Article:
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Key Principles of Toxicology and Exposure


Principle 1: Using Toxic Syndrome Recognition for Rapid Diagnosis and Empiric Therapy

  • Chemical Classes
    • Toxic chemicals can often be grouped into classes, whereby all the chemicals in a given class cause similar human health effects.
    • These constellations of toxic effects or toxic syndromes comprise a set of clinical "fingerprints" for groups of toxins.
    • All of the toxins associated with a given toxic syndrome are treated similarly.
  • Emergency Treatment
    • During the early phases of a toxic chemical emergency, when the exact chemical is often unknown, identification of the toxic syndromes that are present can be a useful decision-making tool.
    • Toxic syndromes are easily identified with only a few observations, such as:
      • Vital signs
      • Mental status
      • Pupil size
      • Mucous membrane irritation
      • Lung exam for wheezes or rales
      • Skin for burns, moisture, and color
    • The identification of the constellation of signs and symptoms is all that is needed to diagnose and treat a life-threatening condition (e.g., respiratory arrest).
    • Once the life-threatening crisis has been averted and time passes, more specific information from the history or diagnostic test results will guide additional therapeutic decisions and patient disposition.

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Principle 2: Route of Exposure is a Determinant of Toxicity

  • A chemical's physical state and the route of exposure influence toxicity.
  • The chemical's state often determines the route of exposure.
  • For many chemicals, the toxic effects occur at the site of absorption.
    • Inhalation exposure- Gases, vapors, airborne powders, and aerosolized liquids are inhalation risks.
      • Irritant gases attack the water in the respiratory mucosa and eye, causing burning pain, irritation, and copious secretions at the site of contact.
      • Inhalation exposure also allows some rapid entry into the systemic circulation, causing toxic effects distant from the entry route.
      • Hydrogen cyanide is a gas that rapidly enters the circulation through the lung and causes loss of consciousness, seizures, cardiac dysrhythmias, hypotension, and possible death in a matter of minutes after the exposure.
    • Dermal exposure - Chemicals in contact with the skin can cause local effect but may also enter the systemic circulation and cause effects at distant sites from the entry route.
      • Organophosphate insecticides are fat-soluble chemicals that rapidly penetrate the skin and enter the blood stream to circulate to distant sites.
      • Skin exposure can delay onset of systemic effects as compared with the rapid entry through the lung.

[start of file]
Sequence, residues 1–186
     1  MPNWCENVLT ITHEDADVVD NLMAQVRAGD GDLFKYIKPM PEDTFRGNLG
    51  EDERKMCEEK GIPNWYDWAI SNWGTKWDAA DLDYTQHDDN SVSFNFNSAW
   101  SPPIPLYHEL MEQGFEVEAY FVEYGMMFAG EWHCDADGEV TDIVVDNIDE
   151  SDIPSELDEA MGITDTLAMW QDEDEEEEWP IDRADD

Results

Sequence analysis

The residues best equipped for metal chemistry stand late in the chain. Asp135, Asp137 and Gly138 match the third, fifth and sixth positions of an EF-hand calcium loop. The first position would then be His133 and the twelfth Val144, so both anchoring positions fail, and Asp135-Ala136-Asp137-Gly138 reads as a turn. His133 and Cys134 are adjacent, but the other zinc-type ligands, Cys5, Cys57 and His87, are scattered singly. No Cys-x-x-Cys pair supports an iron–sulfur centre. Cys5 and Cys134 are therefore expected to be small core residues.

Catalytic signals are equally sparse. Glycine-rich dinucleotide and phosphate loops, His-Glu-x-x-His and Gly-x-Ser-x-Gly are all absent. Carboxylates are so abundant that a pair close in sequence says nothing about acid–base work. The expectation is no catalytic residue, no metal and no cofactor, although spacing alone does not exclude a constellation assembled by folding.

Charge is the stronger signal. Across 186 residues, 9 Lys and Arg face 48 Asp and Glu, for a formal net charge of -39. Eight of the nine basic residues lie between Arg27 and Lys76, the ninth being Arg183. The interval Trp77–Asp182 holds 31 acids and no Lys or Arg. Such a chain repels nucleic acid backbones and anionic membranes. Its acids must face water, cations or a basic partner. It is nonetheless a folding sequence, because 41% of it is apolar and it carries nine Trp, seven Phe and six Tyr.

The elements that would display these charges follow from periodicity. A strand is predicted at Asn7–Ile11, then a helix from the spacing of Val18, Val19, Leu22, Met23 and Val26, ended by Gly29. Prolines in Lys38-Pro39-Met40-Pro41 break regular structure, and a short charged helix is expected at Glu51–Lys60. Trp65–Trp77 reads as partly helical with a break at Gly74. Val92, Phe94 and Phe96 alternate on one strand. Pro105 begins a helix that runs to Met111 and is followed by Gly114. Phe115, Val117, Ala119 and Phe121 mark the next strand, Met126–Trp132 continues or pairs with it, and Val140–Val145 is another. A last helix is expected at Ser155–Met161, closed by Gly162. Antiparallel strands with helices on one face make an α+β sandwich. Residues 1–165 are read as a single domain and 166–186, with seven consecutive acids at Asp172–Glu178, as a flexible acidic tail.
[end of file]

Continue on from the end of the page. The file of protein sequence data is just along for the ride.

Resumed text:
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Principle 3: the Dose Makes the Poison

  • Dose - response
    • Evaluating clinical effects based on the amount of exposure is a basic toxicology principle called dose-response.
    • The dose is the total amount of chemical absorbed during an exposure.
    • Dose depends on the concentration of the chemical and duration (contact time) of the exposure. Chemicals cause predictable toxic effects based on the dose.
      • Ethanol is a good example. Incremental increases in blood ethanol levels result in predictable increases in alteration of consciousness (signs of inebriation), poor coordination, and eventually coma/respiratory depression, and finally death.
  • Exposure
    • Duration of exposure is one important factor affecting the dose
    • High concentrations over a long duration are more likely to produce adverse health effects than the same or lower concentration over a shorter exposure period.
      • Example 1, Dermal exposure - an acid placed on the skin will cause more tissue destruction the longer it stays in contact with the tissues. If the acid is immediately washed off the skin, injury is limited.
      • Example 2, Inhalation exposure - The longer a victim is allowed to breathe toxic chemicals, the greater the dose of exposure.
  • Application of dose-response principles
    • Applying the above dose-response principles can guide patient assessment to toxic chemical exposures.
    • Patients who have higher concentrations and longer durations of exposure result in greater doses to the victim and will more likely have harmful effects.
    • Those receiving larger doses need more urgent attention and possibly life-saving interventions than those receiving smaller doses (especially if asymptomatic).

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References

Content adapted from:

Kirk MA, Deaton ML. Bringing order out of chaos: effective strategies for medical response to mass chemical exposure. Emerg Med Clin North Am. 2007 May;25(2):527-48. [PubMed Citation]


Additional References:
  1. Clinical Care During Man-made and Natural Disasters: Triage and Medical Management of Radiological and Chemical Casualties (PDF - 8.60 MB) (James M. Madsen, MD, MPH, FCAP, FACOEM COL, MC-FS, US Army)
  2. Chemical warfare agents: an overview (NIH VideoCasting and Podcasting, 1 hour 11 minutes) (James M. Madsen, MD, MPH, FCAP, FACOEM COL, MC-FS, US Army)
  3. Workplace Safety & Health Topics - Skin Exposure & Effects (HHS/CDC/NIOSH)
  4. ToxTutor (HHS/NIH/National Library of Medicine)